To explain the mechanism of this domino reaction, a plausible reaction course was proposed to account for the different products based on the published reactions containing methyl propiolate [20-22], which are illustrated in Scheme 1. The first reaction is the formation of the key intermediate β-enamino ester A from the addition of arylamine to methyl propiolate. The second reaction is a Knoevenagel condensation of isatin with malononitrile or ethyl cyanoacetate under the catalysis of triethylamine to give the isatylidene deriatives B. The third reaction is a Michael addition of β-enamino ester intermediate A with isatinylidene derivative B to yield intermediate C. In the case of the reaction containing malononitrile, the nucleophilic addition of the amino group to the C–N triple bond in intermediate C resulted in spiro compound 1 with the tautomerization of the imino group to an amino group. In the case of the reaction containing ethyl cyanoacetate, the amino group could react with both the cyano group and the ester group in the adduct C. The nucleophilic addition of the amino group to the C–N triple bond finally afforded spiro[indoline-3,4’-pyridines] 2. On the other hand the amino group attacked the ester group to give spiro[indoline-3,4’-pyridinones] 3 with the elimination of ethanol. In this reaction process, the reasons that anilines with electron-withdrawing groups preferably attack the cyano group and anilines with electron-donating groups preferably attack the ester group are not very clear.
In summary, we have successfully developed a one-pot four-component reaction of arylamines, methyl propiolate, isatin and malononitrile or ethyl cyanoacetate with triethylamine as base catalyst. This reaction can proceed smoothly under mild conditions to afford the functionalized spiro[indoline-3,4’-pyridines] and spiro[indoline-3,4’-pyridinones] in moderate to good yields. The advantages of this reaction included readily available starting materials, mild reaction conditions, operational simplicity, a widely variety of substrates, and molecular diversity of the products. The potential uses of this reaction in synthetic and medicinal chemistry may be quite significant.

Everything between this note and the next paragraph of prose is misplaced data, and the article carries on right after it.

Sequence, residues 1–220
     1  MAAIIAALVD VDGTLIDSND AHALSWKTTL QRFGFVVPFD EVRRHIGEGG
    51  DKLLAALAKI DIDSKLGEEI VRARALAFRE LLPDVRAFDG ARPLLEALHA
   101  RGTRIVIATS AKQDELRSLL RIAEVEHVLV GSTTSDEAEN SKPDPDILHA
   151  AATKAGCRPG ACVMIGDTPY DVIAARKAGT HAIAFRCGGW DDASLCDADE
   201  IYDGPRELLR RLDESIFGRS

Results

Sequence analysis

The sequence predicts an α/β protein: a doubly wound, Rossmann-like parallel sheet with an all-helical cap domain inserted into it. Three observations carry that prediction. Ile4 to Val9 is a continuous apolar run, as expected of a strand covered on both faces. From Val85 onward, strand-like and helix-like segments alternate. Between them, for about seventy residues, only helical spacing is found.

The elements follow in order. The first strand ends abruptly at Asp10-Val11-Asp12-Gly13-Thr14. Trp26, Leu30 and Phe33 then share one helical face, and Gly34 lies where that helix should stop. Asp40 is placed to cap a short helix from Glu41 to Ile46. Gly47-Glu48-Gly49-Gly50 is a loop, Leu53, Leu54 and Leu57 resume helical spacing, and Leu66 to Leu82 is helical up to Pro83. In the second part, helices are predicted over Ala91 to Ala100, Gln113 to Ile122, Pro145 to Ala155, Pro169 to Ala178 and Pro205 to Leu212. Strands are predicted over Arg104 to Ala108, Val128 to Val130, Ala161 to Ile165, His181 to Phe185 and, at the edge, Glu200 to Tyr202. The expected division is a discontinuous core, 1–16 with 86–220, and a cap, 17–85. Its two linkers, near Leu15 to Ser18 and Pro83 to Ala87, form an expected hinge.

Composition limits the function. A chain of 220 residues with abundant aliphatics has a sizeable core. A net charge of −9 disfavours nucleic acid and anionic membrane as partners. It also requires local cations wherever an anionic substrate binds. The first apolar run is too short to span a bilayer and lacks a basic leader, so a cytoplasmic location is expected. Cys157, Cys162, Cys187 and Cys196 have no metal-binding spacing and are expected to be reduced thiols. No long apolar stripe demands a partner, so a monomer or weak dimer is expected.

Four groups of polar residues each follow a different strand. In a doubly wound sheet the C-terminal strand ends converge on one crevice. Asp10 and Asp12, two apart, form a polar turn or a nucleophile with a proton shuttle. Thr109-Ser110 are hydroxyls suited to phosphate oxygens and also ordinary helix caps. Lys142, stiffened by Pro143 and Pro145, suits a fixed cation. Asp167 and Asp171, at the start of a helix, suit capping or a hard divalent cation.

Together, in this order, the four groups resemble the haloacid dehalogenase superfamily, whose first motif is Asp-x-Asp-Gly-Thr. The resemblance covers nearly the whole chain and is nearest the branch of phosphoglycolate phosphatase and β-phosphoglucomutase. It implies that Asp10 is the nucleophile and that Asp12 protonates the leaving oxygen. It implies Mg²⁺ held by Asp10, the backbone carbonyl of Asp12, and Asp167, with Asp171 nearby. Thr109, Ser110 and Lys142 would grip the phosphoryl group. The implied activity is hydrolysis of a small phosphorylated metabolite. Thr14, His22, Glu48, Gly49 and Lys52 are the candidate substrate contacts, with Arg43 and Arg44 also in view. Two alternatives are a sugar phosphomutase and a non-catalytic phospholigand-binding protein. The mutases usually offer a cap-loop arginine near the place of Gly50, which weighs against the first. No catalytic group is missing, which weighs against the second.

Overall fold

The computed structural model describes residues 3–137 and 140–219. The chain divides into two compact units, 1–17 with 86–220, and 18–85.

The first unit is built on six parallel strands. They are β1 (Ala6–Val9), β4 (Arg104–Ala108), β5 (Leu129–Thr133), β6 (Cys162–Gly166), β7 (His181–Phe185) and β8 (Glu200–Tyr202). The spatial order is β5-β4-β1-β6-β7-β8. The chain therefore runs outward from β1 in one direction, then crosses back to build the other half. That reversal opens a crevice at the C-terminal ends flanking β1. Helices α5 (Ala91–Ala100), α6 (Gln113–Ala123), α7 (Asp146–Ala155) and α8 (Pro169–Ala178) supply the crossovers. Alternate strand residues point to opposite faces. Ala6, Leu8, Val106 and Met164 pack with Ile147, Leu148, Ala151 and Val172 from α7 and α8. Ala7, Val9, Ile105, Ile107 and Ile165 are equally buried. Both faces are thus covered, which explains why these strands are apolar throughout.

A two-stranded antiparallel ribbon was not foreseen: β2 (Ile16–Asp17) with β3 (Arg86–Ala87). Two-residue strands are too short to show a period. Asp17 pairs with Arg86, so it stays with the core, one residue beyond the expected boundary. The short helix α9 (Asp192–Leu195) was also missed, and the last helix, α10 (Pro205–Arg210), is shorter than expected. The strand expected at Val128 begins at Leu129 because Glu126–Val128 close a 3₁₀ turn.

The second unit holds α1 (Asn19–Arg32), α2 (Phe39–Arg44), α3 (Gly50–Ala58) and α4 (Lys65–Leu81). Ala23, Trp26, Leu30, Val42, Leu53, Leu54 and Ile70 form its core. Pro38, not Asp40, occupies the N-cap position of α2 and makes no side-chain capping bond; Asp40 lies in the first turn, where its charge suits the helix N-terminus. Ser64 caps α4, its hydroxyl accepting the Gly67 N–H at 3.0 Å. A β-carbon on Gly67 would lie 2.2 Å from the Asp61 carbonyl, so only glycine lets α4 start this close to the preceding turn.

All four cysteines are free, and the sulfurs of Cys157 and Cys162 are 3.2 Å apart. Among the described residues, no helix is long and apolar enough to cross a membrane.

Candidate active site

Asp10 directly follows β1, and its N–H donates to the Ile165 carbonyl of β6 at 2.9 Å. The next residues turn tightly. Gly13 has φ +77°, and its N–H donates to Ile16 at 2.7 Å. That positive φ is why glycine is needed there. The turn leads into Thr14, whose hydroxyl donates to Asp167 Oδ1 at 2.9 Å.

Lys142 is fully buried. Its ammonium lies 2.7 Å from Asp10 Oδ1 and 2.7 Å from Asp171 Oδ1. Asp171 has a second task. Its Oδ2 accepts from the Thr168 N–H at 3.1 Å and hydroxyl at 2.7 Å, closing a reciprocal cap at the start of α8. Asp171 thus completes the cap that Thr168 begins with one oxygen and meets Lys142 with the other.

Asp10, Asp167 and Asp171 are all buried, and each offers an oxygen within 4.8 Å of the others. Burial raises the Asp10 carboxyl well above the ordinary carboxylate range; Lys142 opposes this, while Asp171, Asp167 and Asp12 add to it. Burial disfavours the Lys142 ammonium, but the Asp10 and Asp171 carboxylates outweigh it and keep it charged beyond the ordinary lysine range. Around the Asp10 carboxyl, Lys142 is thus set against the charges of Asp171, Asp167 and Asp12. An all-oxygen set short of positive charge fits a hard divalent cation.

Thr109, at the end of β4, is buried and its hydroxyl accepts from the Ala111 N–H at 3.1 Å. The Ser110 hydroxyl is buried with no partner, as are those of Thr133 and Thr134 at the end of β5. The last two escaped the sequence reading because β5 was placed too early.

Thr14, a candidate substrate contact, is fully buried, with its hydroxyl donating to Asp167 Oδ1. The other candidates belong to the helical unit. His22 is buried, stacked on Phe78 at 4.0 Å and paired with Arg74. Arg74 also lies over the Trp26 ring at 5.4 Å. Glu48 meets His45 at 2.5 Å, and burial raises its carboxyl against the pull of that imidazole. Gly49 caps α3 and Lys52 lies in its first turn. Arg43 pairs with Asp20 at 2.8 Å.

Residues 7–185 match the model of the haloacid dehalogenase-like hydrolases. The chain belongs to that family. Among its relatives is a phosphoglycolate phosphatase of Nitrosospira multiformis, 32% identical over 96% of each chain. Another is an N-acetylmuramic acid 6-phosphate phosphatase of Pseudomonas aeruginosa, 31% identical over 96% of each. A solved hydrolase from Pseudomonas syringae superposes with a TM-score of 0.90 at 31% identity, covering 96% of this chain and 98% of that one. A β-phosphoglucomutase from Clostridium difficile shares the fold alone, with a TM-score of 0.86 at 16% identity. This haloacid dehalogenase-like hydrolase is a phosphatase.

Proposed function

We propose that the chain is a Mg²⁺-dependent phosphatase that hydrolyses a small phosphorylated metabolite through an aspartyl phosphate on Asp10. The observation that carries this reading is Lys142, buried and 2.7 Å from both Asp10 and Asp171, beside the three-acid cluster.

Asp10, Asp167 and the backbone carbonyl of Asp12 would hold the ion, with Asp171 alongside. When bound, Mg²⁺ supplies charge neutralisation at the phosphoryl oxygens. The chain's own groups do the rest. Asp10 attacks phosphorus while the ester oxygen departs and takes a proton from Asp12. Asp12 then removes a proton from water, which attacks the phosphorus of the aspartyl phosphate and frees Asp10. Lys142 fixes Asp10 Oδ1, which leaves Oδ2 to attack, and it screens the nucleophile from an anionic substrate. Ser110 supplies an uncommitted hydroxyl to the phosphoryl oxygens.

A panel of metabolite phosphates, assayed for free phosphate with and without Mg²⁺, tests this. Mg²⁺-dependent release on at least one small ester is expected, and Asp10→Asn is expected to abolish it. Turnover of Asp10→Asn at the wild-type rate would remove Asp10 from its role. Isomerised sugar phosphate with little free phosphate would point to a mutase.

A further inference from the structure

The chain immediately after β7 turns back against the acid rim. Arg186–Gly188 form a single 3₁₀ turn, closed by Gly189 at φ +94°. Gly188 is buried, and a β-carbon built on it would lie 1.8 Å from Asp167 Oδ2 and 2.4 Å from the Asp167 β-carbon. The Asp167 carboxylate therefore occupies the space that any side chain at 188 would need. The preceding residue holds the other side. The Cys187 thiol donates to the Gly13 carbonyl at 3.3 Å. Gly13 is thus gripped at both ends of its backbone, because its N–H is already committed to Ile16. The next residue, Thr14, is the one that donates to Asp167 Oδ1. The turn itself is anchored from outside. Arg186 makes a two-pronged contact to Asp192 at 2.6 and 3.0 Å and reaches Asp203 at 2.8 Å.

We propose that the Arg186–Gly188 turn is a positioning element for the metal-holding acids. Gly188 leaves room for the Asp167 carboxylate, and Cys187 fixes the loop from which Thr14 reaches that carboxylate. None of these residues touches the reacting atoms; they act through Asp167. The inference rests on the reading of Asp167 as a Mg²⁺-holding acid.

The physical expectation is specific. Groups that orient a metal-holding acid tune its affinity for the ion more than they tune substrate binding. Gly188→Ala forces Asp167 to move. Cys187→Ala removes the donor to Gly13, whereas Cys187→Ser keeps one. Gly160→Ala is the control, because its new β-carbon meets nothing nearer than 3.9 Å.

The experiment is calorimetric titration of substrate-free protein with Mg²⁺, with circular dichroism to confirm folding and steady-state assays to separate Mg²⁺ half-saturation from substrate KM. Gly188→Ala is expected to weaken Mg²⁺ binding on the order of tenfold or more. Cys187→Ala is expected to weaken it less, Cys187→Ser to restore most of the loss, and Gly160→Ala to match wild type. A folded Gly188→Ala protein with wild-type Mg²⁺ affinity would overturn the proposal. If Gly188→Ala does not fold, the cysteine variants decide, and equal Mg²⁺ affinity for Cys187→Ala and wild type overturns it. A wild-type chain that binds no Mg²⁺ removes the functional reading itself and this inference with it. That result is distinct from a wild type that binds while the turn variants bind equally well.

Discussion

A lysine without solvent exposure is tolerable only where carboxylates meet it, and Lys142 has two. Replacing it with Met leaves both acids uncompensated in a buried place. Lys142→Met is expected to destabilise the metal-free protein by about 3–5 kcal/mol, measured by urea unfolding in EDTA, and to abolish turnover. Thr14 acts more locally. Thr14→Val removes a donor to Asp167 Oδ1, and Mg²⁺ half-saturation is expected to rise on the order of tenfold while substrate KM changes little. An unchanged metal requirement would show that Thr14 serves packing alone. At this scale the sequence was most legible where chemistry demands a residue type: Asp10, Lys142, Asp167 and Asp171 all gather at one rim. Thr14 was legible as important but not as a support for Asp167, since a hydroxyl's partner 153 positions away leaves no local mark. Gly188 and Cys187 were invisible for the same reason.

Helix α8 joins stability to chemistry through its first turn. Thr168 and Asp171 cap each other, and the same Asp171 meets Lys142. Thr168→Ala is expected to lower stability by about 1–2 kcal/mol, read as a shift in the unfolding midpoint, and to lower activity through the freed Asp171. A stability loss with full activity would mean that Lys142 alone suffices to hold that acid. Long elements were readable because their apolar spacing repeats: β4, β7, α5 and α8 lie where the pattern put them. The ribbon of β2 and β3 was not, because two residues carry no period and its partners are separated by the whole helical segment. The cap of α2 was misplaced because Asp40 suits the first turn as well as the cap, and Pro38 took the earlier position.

Reagents and apparatus: Aromatic aldehydes, arylamines, methyl propiolate and other reagents are commercial reagents and were used as received. Solvents were purified by standard techniques. All reactions were monitored by TLC. Melting points were taken on a hot-plate microscope apparatus. IR spectra were obtained on a Bruker Tensor 27 spectrometer (KBr disc). NMR spectra were recorded with a Bruker AV-600 spectrometer. HPLC–MS were measured with a Fennigan LCQ Deca XP MAX instrument. High-resolution mass spectra (ESI) were obtained with a Bruker UHR–TOF maXis spectrometer. X-ray data were collected on a Bruker Smart APEX-2 CCD diffractometer. Single-crystal data for compounds 1c (CCDC 843674), 1h (CCDC 843676), 2b (CCDC 904924) and 3b (CCDC 904923) have been deposited in the Cambridge Crystallographic Data Centre.
General procedure for the synthesis of spiro[indoline-3,4’-pyridine] derivatives 1a–1p: In an analogous manner to our procedure published in , a solution of arylamine (2.0 mmol), methyl propiolate (2.0 mmol) in 5 mL ethanol was stirred at room temperature overnight. Then isatin (2.0 mmol), malononitrile (2.0 mmol) and triethylamine (0.4 mmol) were added. The mixture was heated under reflux for about 24 hours. Then the solution was concentrated to approximately half the volume. The resulting precipitates were collected and washed with ethanol to give the pure product for analysis.
General procedure for the synthesis of spiro[indoline-3,4’-pyridines] 2a–2h and spiro[indoline-3,4’-pyridinone] derivatives 3a–3n: A similar procedure to that above was used. A solution of arylamine (2.0 mmol), methyl propiolate (2.0 mmol, 0.168 g) in 5 mL ethanol was stirred at room temperature overnight. Then isatin (2.0 mmol), ethyl cyanoacetate (2.0 mmol, 0.226 g) and triethylamine (0.4 mmol) were added to it, and the whole mixture was heated under reflux for about 24 hours. Then the solution was concentrated to approximately half the volume, which was subjected to column chromatography with ethyl acetate and light petroleum (v/v = 1:3) as eluent to give the pure product for analysis.
|Supporting Information File 1: Experimental details and detailed spectroscopic data.|